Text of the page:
3. Better Sleep at Night Leads to Better Days at Work
Sleep is often overlooked in the hectic, perennially busy world we live in, but a good night’s sleep can go a long way. The link between sleep and job performance is well-established, and the loss of productivity associated with poor sleeping has been estimated at $1,967 per employee, annually.
Healthy buildings can help occupants sleep better: an important foundation of healthy buildings is lighting and views, and especially the availability of natural daylight and brightly lit spaces. Multiple studies have shown that lighting affects sleep duration and quality.
One such study, published in 2017, has shown that brighter office lighting was associated with higher sleep scores, with occupants of certified green or healthy buildings averaging 6.4% higher scores than those of non-certified buildings. Separately, a 2019 study has shown that exposure to daylight can increase sleep duration as well as sleep quality.
4. Motivating the Workforce
In addition to the tangible health benefits, it’s easy to see how healthy buildings would improve motivation and morale and contribute to a better workplace experience. Data seems to confirm this intuition: 69% of owners report higher employee satisfaction and engagement following investment in healthy buildings. Similarly, a review of green and healthy-certified buildings found that they received 30% fewer complaints about issues such as air quality and thermal comfort.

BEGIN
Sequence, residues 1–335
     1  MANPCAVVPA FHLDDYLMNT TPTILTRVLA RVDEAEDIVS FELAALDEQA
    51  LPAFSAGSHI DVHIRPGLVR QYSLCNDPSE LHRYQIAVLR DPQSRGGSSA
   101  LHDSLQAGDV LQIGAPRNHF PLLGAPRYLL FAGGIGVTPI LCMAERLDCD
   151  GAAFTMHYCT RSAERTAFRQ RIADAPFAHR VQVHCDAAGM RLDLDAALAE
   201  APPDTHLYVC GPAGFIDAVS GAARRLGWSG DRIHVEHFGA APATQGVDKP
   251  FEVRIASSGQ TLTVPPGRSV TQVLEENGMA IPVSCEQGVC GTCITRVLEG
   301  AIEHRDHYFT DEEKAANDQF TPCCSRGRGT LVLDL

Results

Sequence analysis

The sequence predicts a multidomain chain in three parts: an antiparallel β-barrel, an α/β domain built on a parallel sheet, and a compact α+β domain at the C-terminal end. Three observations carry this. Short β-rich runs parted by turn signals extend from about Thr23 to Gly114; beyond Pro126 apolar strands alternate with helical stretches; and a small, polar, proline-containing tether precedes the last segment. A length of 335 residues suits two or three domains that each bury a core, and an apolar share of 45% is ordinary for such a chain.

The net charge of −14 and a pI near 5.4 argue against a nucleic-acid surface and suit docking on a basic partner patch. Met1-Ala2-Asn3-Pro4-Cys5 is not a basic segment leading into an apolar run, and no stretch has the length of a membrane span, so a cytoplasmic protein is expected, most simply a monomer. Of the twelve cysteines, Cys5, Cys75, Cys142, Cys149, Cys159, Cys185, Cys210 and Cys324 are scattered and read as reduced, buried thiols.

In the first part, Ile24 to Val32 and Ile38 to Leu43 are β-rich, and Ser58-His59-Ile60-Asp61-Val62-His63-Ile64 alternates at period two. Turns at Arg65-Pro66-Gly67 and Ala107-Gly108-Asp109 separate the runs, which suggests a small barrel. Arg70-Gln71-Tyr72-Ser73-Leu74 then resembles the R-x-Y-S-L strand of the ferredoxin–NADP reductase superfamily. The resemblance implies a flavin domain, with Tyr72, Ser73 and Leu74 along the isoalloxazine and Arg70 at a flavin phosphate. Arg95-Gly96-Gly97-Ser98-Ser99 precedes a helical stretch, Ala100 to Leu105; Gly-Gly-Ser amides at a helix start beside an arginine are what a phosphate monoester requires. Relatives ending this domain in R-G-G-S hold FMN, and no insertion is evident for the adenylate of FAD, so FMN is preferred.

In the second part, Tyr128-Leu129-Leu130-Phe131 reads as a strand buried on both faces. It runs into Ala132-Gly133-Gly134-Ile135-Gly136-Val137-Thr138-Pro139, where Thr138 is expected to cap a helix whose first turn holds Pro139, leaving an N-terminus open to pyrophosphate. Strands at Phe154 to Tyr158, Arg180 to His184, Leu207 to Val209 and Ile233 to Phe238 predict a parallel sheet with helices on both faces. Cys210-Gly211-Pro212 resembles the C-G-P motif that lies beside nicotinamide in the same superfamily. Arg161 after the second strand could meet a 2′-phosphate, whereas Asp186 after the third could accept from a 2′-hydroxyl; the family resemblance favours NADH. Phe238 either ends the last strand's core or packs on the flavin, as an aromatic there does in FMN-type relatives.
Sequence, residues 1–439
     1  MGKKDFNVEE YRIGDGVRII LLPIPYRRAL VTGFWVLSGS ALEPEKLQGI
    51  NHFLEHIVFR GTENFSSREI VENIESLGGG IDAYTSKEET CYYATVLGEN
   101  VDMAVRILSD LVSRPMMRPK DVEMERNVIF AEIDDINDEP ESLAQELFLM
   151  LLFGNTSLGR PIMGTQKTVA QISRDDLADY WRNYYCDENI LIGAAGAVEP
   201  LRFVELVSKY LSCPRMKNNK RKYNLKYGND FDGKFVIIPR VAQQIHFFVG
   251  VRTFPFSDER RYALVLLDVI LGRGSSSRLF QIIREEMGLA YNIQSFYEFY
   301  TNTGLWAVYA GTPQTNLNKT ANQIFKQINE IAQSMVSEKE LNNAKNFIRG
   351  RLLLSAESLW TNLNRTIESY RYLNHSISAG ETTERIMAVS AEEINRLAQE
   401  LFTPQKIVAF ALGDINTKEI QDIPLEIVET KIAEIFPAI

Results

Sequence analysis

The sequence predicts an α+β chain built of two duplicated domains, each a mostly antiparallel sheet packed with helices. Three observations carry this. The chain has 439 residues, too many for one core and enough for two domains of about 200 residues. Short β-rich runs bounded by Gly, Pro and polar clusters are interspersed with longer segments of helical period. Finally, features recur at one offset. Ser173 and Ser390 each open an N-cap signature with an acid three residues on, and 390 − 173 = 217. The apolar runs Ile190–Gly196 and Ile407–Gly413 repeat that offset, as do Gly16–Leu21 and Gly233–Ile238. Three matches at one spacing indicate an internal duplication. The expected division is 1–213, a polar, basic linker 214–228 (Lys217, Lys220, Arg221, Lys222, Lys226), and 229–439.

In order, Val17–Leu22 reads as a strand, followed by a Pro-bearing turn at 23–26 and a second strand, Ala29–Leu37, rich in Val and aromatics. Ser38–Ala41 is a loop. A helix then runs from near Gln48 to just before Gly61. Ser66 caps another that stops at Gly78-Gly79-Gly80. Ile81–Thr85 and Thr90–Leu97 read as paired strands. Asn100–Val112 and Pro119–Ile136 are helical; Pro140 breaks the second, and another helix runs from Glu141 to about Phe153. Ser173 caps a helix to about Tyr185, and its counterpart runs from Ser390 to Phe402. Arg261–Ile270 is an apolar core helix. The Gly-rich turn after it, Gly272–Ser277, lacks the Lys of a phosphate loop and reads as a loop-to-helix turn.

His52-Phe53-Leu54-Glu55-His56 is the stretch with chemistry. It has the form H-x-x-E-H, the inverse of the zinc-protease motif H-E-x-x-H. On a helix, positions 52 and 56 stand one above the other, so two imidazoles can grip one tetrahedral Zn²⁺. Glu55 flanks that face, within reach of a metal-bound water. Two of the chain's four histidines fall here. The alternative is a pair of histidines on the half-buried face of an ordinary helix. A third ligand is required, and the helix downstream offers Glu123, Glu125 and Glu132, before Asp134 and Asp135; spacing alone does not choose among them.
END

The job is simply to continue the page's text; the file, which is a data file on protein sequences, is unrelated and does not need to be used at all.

Investment in healthy buildings, similar to workplace wellness programs, can elevate the employer brand and demonstrate that the company is committed to its employees. Over time, this can help businesses attract and retain workers - factors that are becoming more important than ever as competition for talent heats up.
5. Better Mental Health Outcomes
A poor work environment can wreak havoc on employees’ mental wellbeing and induce stress, anxiety, and mood disorders. Healthy building best practices can help, in addition to other resources and processes to support employees who struggle.
For example, a healthy building can provide more access to greenery, which has been shown to impact mental health. Similarly, noise is a major stressor, with 44% of employees surveyed reporting that noisy conditions increased their stress levels and hurt their overall wellbeing. Designing offices in ways that reduce background noise, and provide spaces for quiet concentration and contemplation can help alleviate these issues.
6. Less Distractions, More Focus